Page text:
Tuesday New Jersey Governor Chris Christie vetoed legislation which would have raised the state’s minimum wage to $15/hour over 5 years. The current rate is $8.38, and he felt it was too big an increase, too fast.

Of course the governor makes quite a bit more than the minimum wage. And although he vetoed the legislation because he is “pro-business” he has never run a business and really has no idea what the economic impact of a higher minimum wage would be on New Jersey. He assumes because it would cost more to pay low-wage workers that it would harm businesses who are contributors to his re-election. Happy Labor Day all you minimum wage workers.

Labor-Day Clip-ArtWhat he does not consider is the ability for those businesses to pass along those higher wages by raising prices. When everyone has to pay more then it becomes possible for everyone to raise prices. Simultaneously, the low income people who make more money, and spend 100% of what they make, pass along the higher wages in increased consumption which increases business revenues. So an argument can be made that a higher minimum wage could help businesses to have happier employees who spend more and actually improve the economy overall, and for their business.

Remember Henry Ford and his $5 day? In 1914, by cutting work hours and doubling pay Ford greatly motivated his workforce, reducing turnover and training cost. Simultaneously he improved the ability of his workers to spend more and thus grow sales for many businesses. He was just one company, but his higher pay was so successful that it caused other companies to pay more, and everyone benefited. Many historians think of this as an important event in the birth of the American middle class.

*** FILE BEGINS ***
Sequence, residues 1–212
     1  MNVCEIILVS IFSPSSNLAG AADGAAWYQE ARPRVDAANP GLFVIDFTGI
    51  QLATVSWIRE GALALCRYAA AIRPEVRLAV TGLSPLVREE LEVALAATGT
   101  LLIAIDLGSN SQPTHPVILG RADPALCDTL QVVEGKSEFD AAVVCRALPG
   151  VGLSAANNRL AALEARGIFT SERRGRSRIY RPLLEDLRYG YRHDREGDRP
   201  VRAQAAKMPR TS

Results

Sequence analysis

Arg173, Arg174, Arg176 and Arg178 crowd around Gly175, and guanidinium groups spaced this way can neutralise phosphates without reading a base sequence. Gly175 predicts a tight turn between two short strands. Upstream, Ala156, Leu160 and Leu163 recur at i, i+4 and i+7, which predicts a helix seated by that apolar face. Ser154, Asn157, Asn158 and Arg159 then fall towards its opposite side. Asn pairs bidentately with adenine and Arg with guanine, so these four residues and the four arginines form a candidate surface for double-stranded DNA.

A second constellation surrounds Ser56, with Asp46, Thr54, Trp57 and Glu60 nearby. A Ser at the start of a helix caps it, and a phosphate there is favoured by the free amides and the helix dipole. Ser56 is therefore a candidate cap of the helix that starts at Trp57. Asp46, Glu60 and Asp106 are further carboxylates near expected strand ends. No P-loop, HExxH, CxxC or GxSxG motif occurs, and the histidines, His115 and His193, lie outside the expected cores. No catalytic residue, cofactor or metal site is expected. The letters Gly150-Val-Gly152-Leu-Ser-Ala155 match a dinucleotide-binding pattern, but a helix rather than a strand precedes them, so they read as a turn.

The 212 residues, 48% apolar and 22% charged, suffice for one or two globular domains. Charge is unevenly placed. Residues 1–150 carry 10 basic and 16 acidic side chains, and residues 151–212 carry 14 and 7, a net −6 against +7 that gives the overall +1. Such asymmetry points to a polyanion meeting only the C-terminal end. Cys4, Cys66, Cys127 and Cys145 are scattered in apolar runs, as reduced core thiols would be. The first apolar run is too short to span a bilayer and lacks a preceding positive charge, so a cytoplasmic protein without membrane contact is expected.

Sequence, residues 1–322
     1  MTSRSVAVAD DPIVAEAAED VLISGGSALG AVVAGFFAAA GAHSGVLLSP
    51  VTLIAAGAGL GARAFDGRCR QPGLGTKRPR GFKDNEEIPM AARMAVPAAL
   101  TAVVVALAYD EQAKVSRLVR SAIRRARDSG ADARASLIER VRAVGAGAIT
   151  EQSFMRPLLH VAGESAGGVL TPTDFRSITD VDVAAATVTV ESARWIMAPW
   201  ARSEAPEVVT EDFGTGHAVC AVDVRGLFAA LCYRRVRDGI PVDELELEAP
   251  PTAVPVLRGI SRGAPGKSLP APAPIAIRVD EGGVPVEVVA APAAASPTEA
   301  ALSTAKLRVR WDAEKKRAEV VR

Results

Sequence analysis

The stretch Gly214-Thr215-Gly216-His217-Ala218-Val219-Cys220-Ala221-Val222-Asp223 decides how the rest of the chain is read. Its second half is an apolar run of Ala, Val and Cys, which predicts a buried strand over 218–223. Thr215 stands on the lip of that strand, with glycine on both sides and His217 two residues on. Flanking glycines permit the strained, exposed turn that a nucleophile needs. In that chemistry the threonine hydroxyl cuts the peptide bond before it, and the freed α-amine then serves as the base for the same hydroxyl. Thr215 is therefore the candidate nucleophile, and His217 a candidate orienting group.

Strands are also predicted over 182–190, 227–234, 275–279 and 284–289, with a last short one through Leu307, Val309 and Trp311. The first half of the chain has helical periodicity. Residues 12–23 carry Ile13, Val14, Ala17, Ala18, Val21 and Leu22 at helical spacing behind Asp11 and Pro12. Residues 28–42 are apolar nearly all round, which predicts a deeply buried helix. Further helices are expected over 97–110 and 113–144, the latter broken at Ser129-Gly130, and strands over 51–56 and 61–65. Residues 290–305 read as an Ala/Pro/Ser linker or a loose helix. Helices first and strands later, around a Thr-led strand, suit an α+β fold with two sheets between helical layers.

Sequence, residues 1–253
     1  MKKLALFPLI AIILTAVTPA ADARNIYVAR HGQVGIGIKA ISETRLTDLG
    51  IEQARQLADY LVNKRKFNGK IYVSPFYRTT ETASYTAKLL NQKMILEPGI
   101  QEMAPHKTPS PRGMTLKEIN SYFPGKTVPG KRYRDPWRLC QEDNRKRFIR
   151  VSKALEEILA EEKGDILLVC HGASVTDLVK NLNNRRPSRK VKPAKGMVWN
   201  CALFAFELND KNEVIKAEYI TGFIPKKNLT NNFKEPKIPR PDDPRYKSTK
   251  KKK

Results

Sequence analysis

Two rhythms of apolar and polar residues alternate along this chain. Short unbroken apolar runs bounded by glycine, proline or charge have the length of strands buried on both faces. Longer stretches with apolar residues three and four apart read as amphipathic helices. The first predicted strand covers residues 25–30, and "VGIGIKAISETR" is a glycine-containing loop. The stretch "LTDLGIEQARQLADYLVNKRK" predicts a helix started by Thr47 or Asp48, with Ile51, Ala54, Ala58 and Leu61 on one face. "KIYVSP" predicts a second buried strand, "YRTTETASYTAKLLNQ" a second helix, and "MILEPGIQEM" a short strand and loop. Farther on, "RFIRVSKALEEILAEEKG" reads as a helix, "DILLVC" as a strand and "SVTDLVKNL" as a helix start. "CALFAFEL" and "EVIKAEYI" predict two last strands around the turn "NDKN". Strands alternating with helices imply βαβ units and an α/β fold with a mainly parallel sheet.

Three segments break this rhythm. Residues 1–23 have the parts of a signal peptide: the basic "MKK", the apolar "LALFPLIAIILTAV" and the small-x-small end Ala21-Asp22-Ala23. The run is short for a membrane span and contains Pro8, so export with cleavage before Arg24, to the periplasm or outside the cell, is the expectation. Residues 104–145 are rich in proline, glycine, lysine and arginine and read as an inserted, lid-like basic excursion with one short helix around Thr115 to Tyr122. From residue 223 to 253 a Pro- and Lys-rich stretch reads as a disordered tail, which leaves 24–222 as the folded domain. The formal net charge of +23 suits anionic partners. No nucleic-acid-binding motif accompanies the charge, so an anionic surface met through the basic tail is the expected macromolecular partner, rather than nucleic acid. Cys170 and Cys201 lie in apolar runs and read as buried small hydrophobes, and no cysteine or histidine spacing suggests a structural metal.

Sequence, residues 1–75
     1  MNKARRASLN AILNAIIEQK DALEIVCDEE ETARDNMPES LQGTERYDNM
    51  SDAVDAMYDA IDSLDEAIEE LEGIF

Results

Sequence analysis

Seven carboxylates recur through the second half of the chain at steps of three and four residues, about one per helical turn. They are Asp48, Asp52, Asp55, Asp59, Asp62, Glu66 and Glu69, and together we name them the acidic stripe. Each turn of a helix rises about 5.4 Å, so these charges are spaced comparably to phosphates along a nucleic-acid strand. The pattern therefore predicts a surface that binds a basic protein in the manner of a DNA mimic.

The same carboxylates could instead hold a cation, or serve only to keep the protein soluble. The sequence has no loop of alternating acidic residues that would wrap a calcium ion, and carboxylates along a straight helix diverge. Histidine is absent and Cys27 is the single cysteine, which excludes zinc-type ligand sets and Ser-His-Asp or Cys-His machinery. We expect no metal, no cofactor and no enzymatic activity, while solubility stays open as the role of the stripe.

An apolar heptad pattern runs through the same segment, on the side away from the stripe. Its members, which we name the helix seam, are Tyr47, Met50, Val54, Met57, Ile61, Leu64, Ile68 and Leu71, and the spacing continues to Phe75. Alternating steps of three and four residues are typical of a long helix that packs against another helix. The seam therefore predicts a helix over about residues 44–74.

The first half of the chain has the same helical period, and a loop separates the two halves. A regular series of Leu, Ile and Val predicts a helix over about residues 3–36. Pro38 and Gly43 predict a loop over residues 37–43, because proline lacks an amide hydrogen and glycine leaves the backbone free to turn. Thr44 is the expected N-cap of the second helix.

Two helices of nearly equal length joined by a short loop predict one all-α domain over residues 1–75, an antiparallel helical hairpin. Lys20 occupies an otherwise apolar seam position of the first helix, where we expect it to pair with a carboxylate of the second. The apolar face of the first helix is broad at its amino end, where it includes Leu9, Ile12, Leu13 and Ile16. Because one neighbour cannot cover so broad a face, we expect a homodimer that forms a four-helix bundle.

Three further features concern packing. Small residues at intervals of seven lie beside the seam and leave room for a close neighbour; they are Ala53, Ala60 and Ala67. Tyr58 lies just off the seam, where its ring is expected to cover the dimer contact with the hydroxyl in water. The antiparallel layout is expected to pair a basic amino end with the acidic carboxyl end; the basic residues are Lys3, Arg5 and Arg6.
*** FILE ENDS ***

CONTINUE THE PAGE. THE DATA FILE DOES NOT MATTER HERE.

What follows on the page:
The other contributor to the growth of the middle class was unions. By WWI unions had become far more prevalent in the USA. Unions improved working conditions, fought for the abolition of child labor, eliminated employer discrimination, improved benefits like health care and allowed employees to negotiate for higher wages. By banding together in unions employees were able to negotiate with their employer much more powerfully than for each employee to negotiate individually.